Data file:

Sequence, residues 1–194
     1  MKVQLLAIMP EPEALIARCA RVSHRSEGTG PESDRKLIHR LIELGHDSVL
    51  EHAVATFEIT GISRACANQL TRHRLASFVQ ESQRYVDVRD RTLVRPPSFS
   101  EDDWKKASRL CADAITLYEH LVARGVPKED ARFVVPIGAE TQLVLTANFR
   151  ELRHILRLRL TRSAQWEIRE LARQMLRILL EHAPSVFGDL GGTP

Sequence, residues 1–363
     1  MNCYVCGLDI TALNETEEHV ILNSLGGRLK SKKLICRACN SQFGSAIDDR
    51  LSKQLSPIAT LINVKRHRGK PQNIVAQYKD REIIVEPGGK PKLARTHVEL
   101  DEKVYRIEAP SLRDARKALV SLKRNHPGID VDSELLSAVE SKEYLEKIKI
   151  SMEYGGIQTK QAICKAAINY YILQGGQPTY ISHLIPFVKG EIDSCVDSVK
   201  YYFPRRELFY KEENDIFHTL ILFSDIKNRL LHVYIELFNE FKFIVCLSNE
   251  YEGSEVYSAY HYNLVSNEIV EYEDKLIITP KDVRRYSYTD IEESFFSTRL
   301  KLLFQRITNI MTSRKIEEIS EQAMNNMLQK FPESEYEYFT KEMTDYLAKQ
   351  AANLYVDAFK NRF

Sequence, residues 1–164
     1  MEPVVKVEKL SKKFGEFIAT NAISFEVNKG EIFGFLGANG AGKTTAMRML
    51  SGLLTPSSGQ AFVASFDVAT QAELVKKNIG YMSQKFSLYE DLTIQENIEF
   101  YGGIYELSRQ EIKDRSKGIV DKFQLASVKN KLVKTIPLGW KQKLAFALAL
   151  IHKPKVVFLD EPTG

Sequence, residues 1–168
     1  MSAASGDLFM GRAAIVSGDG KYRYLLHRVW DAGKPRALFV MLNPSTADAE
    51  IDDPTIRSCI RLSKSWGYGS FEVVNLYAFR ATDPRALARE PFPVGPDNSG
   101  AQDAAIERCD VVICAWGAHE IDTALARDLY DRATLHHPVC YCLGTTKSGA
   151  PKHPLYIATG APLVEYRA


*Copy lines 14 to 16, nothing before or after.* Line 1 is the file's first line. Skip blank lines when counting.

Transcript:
   351  AANLYVDAFK NRF

Sequence, residues 1–164
     1  MEPVVKVEKL SKKFGEFIAT NAISFEVNKG EIFGFLGANG AGKTTAMRML